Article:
For today’s Friday Five, I’m featuring an interview with literary agent Liza Fleissig, founder of the Liza Royce Agency (LRA). I signed with Liza as my agent earlier this year and was thrilled when she sold my next novel, Black Flowers, White Lies (coming Fall of 2016!) to Sky Pony Press. Read on to learn about submitting your manuscript to LRA, Liza's ideal client, and her thoughts on trilogies.
Other than the obvious--strong writing and compelling voice--I like stories that are fresh and take chances. Once any given book becomes a hit, it is inevitable that we get submissions that basically jump on the bandwagon and offer a variation on the same best-selling theme. What some authors don’t realize is that publishers are no longer looking for THAT book, they are looking for the NEXT big thing. It is very frustrating because you look forward to great submissions and at times you are just left rolling your eyes and declining to consider.
2. What’s your favorite part about being an agent? Least favorite part?
My favorite part? Being able to help our clients attain success, and in many cases life-long dreams, is an amazing feeling. I will never forget LRA’s first picture book signing--there was a full display in the store front window--and the look on the author’s face when she got out of the cab was priceless. My least favorite? Sigh. This business is not for the faint of heart. More and more often books are not passing acquisition meetings even with full editorial support. So when a deal is expected to be a fait accompli, but somehow still falls through, the blow is crushing--and being the one to deliver that news is almost as devastating as it is to hear it.
One who shoots for the stars and looks for a window when the door is closed, but who can also be practical when need be. The agency relationship is like a marriage, with ups and downs, and the ideal client is one who can handle disappointment with grace, even when it’s unfair. Comparing yourself to other authors is a huge no-no, and knowing how to accept and appreciate constructive feedback is a must. We look for clients who say “what can I do for me?” not just “what can the publisher do for me?” and since LRA is run like a family, our ideal clients cross-support and share in their agency siblings’ successes. Determination helps too. We’ve sold books right out of the gate, and others in months, one took a year!--you never know--so be in it for the long haul and believe in yourself. Above all--HONESTY, TRUST and mutual RESPECT is key. Prima dons/donnas need not apply.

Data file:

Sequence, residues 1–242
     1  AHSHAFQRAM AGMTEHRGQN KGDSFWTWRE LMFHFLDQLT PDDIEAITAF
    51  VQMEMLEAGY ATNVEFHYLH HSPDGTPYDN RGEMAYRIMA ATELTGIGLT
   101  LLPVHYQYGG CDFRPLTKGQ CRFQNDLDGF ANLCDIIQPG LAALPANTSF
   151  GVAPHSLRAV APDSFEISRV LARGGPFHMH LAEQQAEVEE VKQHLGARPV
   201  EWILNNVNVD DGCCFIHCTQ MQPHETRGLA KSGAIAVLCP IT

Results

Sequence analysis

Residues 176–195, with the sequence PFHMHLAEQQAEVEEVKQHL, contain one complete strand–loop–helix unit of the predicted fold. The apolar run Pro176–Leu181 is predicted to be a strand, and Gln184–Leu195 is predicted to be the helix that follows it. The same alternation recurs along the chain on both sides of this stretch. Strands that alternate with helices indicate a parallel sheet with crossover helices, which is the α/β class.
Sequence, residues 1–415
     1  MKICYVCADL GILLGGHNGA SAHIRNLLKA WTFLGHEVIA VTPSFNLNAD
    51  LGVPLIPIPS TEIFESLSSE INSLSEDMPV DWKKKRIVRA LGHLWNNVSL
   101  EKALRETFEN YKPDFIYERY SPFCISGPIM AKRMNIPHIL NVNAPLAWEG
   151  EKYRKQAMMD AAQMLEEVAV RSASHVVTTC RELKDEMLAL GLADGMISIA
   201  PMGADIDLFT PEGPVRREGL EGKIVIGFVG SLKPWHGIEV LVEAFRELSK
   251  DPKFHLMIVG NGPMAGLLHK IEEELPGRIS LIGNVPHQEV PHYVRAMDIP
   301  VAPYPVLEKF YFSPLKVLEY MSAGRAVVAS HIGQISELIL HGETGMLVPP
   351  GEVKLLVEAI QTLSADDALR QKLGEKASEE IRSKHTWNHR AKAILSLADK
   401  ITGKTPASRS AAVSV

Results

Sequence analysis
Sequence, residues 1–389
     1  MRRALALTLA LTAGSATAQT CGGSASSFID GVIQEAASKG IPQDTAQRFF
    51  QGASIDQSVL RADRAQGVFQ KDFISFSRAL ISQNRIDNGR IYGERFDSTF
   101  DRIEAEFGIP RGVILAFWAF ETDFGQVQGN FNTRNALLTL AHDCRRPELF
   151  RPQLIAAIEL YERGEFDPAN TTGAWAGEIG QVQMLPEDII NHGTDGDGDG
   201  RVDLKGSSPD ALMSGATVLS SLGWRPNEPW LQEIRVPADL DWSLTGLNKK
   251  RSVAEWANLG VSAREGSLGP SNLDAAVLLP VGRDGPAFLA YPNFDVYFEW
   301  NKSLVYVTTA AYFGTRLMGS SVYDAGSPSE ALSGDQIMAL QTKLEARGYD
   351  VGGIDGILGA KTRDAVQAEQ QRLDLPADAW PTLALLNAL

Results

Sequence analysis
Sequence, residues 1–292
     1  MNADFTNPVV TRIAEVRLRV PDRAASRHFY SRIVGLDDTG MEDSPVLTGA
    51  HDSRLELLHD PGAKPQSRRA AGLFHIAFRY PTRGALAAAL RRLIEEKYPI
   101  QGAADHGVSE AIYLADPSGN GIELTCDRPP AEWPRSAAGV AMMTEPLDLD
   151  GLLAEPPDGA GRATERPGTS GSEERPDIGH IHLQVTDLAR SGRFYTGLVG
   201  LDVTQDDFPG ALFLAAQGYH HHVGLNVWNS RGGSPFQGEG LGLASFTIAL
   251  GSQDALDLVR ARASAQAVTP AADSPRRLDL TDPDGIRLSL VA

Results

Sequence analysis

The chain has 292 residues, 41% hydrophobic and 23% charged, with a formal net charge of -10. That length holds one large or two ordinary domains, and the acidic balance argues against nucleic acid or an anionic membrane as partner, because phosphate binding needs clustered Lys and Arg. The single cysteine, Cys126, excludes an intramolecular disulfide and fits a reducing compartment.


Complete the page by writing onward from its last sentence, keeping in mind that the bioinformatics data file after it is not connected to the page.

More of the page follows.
4. What do you see as the biggest changes in YA publishing in the past few years?
I think YA continues to morph since its formal inception. When I grew up, there was no real YA section--books like FOREVER were considered risky, and now characters have sex with vampires. Talk about change! I think the main thing I would caution authors is that contrary to popular belief, trilogies is not the way to go. Post HUNGER GAMES everyone thinks they need to write trilogies, so they write with arcs that lend themselves to that, and I think it’s a critical error. First of all, as the numbers demonstrate, few books will break out in such a tremendous way. That is not to say they won’t have huge successes, just not necessarily in such a franchising way. Second, and more important to consider, the YA audience continues to grow up. As your readers hit college and adult years, they no longer read YA books. And, as new readers come of age, they don’t want to pick up a book mid-series. So I think it’s really important you write a GOOD YA STORY and worry only about THAT one. Trying to develop a trilogy often leaves the first book falling short, which makes a sale less likely in the first place. One book at a time. Very important in YA.
5. Are you currently open to submissions? How should an interested writer submit to you?
I am always open to submissions, albeit sometimes my turn around is slower than others. Guidelines will be up on our website (launching hopefully by Jan!), but until then, people should send us an email WITH NO ATTACHMENTS since they will not be opened, providing a pitch, a brief bio, along with information about any social/marketing platform they feel is relevant. Unfortunately since we are so slammed, if someone doesn’t hear back from us within two weeks, then that means we declined to consider the work, for a variety of reasons, ranging from we might have something similar on our list to it just didn’t resonate. This business is so subjective, so please remember that a pass from us could very well be a YES from another agency!
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